Are You Map Savvy?

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Part 2: Why Map Reading Is Important

For example, let's say you live on North Street and your friend lives on Hamilton Street. Look at the map above. Your house is on North Street. Your friend's house is the one with the dog out front. How would you tell your friend to get to your house? You'd want your friend to take the most direct route possible. So, you'd say to your friend,

"Take Hamilton Street to North Street. Turn right on North Street, and go to the end of the street. My house is on the left."

You wouldn't want to tell your friend to turn on Center Street because no other street connects Center Street and North Street. (Encourage your friend to walk on the sidewalk, of course.)

In the same way, you would want to tell your friend who lives in Plains to take Highway 9 to get to your house in King City. If your friend takes Highway 7, he or she will have to travel to Merryville and then come back to Highway 9. The trip will be many miles longer than it has to be.

It's not vital that you tell your friend the shortest way to get to your house, but your friend will like you better if he or she doesn't have to take the long way around to come see you. You and your friend will also have more time to spend together.

If you know how to read a map like this, you can also give other people directions. Then, you can tell these people the shortest route, too. (And if they don't know to how to read a map, you can show them!)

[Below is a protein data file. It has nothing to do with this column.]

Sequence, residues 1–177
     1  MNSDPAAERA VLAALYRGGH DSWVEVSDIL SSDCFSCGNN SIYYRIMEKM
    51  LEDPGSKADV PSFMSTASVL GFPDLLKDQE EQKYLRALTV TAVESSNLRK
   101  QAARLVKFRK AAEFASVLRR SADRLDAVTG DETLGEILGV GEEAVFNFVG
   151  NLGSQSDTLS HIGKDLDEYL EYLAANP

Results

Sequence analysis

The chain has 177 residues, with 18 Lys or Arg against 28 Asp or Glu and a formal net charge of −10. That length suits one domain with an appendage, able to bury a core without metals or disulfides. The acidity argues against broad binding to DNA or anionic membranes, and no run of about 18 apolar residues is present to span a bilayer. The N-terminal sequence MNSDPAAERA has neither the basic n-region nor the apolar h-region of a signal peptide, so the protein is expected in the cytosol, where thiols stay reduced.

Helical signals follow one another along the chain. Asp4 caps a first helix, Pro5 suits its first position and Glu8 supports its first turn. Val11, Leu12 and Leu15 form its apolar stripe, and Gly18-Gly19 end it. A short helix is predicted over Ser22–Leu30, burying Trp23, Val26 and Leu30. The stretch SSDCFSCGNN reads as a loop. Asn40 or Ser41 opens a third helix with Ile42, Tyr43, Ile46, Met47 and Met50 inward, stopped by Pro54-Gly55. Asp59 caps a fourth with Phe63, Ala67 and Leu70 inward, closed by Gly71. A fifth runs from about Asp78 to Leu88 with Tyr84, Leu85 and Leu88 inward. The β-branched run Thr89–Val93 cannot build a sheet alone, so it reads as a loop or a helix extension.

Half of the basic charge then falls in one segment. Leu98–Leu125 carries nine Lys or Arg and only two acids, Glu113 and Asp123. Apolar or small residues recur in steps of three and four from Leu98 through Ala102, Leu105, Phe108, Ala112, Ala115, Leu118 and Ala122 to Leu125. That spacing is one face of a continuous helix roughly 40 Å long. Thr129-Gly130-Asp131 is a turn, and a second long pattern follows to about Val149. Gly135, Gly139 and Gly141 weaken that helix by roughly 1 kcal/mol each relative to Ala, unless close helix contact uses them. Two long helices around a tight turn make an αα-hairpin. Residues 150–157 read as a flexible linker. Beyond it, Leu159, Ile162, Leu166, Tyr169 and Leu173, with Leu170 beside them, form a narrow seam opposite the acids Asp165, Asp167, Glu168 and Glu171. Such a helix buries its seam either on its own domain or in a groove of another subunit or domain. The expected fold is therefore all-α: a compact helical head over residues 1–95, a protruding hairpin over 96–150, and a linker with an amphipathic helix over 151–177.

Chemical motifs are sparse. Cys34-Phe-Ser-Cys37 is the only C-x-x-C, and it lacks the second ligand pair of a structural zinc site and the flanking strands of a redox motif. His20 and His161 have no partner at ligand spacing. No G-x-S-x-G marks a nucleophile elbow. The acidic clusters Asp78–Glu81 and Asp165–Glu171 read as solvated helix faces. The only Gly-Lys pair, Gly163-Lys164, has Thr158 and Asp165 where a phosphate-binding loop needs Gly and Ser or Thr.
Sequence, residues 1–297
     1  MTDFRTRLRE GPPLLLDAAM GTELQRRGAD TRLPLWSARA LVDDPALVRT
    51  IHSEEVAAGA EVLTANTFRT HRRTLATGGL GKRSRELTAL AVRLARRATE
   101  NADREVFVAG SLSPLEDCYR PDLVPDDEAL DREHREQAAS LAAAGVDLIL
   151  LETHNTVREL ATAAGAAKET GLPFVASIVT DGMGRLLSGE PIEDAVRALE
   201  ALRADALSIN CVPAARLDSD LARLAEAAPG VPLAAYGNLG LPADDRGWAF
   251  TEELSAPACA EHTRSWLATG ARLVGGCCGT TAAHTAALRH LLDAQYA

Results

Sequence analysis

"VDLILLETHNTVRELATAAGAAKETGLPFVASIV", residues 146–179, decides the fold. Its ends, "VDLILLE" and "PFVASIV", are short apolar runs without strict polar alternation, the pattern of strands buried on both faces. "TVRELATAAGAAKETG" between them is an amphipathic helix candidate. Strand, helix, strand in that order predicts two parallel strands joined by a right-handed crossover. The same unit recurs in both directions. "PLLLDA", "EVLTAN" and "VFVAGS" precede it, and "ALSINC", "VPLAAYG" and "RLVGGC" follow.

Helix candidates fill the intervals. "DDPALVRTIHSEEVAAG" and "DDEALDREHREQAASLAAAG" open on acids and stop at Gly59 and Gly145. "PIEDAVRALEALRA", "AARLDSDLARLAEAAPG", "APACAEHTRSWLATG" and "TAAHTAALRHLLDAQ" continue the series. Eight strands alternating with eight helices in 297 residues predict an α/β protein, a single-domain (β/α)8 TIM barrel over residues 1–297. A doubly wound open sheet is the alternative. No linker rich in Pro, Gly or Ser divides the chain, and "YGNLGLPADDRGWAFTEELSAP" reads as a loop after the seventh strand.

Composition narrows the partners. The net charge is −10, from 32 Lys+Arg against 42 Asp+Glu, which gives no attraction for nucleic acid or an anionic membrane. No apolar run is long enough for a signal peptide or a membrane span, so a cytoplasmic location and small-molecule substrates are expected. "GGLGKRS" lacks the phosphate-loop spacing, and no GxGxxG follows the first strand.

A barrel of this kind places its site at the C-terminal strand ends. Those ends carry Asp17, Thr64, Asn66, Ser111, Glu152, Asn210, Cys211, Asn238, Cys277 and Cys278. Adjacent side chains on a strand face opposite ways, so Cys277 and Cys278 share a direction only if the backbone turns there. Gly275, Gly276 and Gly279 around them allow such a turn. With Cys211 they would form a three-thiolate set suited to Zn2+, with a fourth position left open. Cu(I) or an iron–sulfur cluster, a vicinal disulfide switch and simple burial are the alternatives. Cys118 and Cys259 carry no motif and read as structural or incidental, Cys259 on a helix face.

When you look at a map of a city you are traveling to, you see street names and also names of attractions. If you are traveling to Washington, D.C., you will see the names of many government buildings and museums. Knowing how to read this map will help you get to places you haven't been to before. (You could always ask someone, but you don't want to ask someone for help every single time, do you?)

When you look at a map of Europe, you can see which countries border a certain country. For example, you can see that Germany has many neighbors, including France, Italy, Poland, and the Netherlands. If you travel to Germany, you know you won't have far to go to visit these other four countries.

The primary importance of maps is to help you understand the world around you. Street maps show your immediate surroundings. National maps show landforms and bodies of water. Country maps show neighbors and borders. World maps show all these things.

Know how to read maps, and you'll see the world around you in a whole new light.

First page > Kinds of Maps > Page 1, 2

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Social Studies for Kids
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David White